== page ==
Courts & Crime

Kansas passes legislation cracking down on copper theft

Bills cracking down on theft of scrap metal and toughening penalties for leaving the scene of an accident cleared their final legislative hurdle and are on their way to the governor’s desk.

The House today also sent a second bill outlawing the drug known as “bath salts,” to clean up problems found in a similar bill that has already been signed into law by Gov. Sam Brownback.

The major change in law regarding scrap metal is to set the penalty for thieves based on the cost of replacing what they steal, rather than the value of the metal stolen, according to Rep. Pat Colloton, R-Leawood, chairwoman of the House Corrections and Juvenile Justice Committee.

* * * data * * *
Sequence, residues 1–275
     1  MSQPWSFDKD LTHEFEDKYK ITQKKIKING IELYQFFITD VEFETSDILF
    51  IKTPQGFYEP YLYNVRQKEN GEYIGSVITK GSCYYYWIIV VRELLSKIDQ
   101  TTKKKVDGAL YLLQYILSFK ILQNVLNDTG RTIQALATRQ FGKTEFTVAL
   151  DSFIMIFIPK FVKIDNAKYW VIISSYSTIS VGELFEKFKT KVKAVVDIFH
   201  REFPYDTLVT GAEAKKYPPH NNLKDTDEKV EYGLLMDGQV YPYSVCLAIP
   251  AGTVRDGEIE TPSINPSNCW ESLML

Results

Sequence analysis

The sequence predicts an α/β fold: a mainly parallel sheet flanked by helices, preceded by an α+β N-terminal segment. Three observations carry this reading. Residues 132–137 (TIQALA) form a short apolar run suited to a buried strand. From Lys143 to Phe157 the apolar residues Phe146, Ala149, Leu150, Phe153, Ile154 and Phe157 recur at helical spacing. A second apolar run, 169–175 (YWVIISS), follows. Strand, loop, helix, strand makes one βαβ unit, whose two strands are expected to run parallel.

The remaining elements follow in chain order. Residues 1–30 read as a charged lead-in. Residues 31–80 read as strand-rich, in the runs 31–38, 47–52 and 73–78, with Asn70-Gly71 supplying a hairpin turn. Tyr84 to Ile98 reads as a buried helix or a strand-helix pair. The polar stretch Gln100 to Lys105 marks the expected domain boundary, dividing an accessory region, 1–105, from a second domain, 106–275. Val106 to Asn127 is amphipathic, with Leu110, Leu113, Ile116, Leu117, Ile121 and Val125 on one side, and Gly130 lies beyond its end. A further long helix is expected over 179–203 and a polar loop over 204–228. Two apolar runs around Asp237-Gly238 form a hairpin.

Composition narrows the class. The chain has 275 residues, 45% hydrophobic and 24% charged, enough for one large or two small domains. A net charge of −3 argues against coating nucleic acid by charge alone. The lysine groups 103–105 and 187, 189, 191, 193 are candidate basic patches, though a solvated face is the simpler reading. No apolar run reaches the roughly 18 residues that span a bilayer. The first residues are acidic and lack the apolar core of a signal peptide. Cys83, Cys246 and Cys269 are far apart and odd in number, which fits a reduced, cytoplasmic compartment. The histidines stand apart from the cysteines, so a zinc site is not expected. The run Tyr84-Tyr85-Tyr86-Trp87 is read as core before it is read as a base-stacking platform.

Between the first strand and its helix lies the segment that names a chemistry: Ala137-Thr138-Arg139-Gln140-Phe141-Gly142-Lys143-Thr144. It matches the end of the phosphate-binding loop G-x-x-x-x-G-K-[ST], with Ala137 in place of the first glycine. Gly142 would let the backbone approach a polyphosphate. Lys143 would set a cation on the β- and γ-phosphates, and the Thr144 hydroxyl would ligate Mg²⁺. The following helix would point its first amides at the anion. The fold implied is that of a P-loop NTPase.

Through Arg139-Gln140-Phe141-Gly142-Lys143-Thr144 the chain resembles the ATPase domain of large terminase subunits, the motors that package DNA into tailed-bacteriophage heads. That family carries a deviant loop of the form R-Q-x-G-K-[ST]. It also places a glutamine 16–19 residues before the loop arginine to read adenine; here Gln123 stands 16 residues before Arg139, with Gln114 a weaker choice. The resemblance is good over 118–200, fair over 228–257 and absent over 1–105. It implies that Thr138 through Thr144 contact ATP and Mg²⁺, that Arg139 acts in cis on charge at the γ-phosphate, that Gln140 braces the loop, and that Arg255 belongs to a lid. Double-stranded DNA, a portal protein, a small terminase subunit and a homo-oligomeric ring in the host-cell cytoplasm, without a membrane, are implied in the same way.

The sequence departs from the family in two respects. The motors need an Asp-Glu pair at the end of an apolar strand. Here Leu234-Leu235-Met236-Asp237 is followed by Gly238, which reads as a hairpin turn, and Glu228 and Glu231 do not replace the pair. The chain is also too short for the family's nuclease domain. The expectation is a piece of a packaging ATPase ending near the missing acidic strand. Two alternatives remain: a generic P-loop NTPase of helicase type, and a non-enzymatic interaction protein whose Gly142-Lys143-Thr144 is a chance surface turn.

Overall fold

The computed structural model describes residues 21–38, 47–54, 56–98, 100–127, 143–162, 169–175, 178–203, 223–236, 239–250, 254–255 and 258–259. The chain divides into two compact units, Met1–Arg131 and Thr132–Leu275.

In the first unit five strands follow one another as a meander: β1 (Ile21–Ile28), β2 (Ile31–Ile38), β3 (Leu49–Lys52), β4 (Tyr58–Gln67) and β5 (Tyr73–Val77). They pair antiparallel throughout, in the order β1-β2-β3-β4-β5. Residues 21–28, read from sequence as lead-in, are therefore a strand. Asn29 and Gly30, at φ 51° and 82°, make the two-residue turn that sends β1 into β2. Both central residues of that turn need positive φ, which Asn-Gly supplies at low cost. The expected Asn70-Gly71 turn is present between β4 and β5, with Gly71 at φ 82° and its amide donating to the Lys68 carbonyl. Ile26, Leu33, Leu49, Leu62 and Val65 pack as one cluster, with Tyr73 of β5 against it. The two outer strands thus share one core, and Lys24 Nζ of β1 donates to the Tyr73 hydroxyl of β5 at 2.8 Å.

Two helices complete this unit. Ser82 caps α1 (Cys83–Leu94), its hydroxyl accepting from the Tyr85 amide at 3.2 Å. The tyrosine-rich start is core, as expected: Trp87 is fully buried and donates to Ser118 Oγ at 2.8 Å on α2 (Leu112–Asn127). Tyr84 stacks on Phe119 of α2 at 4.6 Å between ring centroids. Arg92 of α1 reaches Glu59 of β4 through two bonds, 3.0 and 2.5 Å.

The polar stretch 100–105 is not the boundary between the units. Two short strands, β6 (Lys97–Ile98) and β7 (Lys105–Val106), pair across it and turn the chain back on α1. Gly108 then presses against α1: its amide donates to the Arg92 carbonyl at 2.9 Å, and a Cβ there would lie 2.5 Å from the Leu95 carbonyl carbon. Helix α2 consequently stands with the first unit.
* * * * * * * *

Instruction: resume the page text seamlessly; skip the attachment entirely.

That provision of House Bill 2312 is meant to address the problem that arises when a thief does thousands of dollars in damage to, for example, a heating and air conditioning system, to steal a few dollars worth of copper.

The bill’s provisions also require that scrap dealers keep a dossier of information on customers who sell more than $50 worth of scrap, including: name, address, sex, date of birth and a copy of the person’s driver’s license or other government- issued identification. In some cases, a thumbprint would be required.

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